Uniper calls on the German government for help


The German energy group Uniper, in great difficulty after the cuts in gas deliveries to Europe decided by Moscow, announced on Wednesday that it had begun discussions to benefit from a government rescue plan.

“Uniper has initiated discussions with the German government on possible stabilization measures,” the company said in a statement released Wednesday evening. In fact, “business has deteriorated significantly due to (…) the sharp reduction in gas deliveries from Russia,” Klaus-Dieter Maubach, the group’s CEO, justified in a statement sent to AFP on Thursday.

Thus, several options are on the table, such as public “guarantees” on loans, “state equity investments” or direct “credits” from the state-owned bank KfW, the group says. In addition, the group withdrew its profit forecasts for the current year, refusing to “give a new outlook”.

Moreover, after this announcement, the group’s share on the Mdax index of the Frankfurt Stock Exchange collapsed, losing 14.92% to 14.08 euros. Since the beginning of the year, the stock has lost about 66% of its value.

40% of promised volumes

Uniper is the largest importer of gas in Germany and one of the largest in the European market. It is suffering from the recent 60% drop in gas deliveries via Nord Stream to Germany by the Russian group Gazprom, which claims a technical problem.

Uniper currently receives from Gazprom “only 40% of the contractually promised gas volumes”, the company confirmed on Wednesday. In order to “guarantee the security of supply for its customers”, Uniper claims to be “currently procuring substitute (gas) volumes at significantly higher prices” than usual.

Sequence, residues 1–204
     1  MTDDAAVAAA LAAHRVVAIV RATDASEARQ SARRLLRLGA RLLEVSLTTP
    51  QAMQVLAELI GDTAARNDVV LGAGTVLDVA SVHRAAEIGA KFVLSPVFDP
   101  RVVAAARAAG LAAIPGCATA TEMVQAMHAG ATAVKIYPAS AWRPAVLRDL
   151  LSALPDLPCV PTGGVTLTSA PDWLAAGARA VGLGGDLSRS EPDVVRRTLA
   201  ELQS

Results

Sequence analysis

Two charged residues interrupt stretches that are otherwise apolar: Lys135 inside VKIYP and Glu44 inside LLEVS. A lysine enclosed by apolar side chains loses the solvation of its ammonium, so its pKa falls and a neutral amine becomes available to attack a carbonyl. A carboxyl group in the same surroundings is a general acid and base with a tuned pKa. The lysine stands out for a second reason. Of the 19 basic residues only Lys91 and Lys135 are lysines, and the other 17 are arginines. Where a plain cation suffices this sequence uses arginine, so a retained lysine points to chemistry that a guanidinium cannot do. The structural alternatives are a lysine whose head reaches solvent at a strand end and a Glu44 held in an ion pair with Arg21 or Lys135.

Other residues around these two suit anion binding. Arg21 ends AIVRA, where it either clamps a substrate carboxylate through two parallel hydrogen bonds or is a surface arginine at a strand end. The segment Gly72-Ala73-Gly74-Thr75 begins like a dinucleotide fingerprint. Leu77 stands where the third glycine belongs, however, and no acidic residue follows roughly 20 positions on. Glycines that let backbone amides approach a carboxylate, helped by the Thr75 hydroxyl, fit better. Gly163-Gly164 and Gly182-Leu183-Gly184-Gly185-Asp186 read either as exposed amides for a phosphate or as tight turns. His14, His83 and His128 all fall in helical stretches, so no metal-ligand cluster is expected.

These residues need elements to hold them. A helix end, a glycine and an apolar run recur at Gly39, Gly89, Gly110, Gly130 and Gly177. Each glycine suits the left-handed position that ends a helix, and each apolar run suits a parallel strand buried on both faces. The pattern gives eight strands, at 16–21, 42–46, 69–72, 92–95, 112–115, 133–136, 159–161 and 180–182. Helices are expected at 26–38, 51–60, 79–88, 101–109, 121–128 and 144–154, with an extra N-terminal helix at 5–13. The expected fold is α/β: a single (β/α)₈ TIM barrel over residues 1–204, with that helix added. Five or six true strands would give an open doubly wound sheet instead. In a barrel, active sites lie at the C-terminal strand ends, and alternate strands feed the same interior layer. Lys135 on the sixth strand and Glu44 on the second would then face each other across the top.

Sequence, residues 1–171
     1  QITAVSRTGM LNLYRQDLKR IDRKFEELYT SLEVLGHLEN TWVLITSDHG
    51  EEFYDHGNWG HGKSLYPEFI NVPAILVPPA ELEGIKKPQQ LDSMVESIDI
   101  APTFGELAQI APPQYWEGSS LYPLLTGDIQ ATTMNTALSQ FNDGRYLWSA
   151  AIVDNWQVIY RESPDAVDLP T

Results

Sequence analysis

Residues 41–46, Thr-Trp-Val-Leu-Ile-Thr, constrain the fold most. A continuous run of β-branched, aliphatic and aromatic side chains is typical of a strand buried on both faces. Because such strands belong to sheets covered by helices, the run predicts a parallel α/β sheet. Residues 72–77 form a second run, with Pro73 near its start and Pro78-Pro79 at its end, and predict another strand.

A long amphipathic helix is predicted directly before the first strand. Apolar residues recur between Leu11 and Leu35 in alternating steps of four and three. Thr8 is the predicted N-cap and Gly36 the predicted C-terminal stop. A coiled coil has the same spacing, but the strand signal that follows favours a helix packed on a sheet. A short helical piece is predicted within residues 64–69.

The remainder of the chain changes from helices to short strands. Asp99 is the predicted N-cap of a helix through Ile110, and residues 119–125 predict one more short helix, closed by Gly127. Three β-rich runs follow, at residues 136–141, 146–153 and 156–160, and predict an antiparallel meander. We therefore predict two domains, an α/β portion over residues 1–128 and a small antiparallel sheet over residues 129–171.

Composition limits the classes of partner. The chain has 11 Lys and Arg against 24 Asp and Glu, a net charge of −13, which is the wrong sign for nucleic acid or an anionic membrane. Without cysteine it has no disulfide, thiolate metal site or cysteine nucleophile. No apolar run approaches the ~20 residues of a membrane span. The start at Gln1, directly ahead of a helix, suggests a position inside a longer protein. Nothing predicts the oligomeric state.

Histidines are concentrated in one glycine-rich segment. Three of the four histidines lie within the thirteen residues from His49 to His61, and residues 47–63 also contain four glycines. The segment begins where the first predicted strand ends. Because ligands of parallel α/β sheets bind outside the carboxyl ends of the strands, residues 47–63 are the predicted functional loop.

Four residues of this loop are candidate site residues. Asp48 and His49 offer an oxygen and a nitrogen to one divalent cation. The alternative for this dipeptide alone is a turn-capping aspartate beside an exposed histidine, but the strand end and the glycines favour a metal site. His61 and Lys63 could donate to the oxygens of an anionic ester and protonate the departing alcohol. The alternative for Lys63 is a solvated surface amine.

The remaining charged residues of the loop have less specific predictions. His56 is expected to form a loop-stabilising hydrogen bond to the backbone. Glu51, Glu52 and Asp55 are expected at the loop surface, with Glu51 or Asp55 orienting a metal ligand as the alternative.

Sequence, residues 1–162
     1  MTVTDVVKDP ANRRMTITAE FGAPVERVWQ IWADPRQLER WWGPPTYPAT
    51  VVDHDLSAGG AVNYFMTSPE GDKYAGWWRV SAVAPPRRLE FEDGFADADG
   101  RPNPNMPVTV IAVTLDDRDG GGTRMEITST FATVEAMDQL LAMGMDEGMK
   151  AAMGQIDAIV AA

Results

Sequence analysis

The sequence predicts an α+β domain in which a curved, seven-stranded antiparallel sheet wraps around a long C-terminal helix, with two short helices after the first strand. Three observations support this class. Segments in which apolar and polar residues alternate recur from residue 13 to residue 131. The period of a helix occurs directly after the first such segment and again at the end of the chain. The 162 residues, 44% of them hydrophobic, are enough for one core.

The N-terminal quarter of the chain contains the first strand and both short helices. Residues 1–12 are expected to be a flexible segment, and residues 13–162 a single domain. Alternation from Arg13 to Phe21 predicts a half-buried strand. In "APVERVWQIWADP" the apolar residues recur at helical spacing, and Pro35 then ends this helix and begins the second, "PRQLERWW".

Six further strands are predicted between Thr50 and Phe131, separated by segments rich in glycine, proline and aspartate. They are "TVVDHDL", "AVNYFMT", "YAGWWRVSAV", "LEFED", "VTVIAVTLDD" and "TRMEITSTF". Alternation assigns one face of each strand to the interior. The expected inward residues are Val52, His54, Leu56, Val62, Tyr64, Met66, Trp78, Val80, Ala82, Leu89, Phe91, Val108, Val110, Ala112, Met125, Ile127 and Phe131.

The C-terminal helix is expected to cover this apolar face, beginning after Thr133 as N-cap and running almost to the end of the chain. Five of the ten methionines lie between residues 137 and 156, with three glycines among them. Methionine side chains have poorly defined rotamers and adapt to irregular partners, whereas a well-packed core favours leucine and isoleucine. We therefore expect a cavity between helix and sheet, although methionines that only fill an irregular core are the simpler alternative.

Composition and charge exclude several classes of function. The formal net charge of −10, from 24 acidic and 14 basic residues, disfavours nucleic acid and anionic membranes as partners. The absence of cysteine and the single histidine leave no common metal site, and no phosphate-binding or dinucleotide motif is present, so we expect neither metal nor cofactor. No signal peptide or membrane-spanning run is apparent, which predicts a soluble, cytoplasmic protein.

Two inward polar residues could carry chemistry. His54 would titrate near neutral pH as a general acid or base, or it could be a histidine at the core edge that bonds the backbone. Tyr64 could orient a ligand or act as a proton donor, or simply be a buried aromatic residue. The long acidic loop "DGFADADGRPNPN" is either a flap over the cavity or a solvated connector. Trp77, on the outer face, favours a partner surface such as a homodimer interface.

However, the group claims that it is “not yet able to pass on these additional costs” and is therefore suffering from “significant financial charges”. Especially since “the duration and scope of the restrictions on Russian gas supplies” has made the company’s financial prospects “uncertain”, requiring state support, Uniper points out.

Berlin launched in April a program of public loans and guarantees of more than 100 billion euros, intended to help companies suffering from the effects of the war in Ukraine. The first company to benefit was Gazprom’s former German subsidiary, Gazprom Germania, which will receive a credit line of 9 to 10 billion euros. This company, threatened with bankruptcy but essential for Germany’s supply, was nationalized by Berlin at the beginning of April and renamed “Securing Energy for Europe”.

At the beginning of June, the country was 35% dependent on Russian gas for its imports, compared to 55% before the war in Ukraine.

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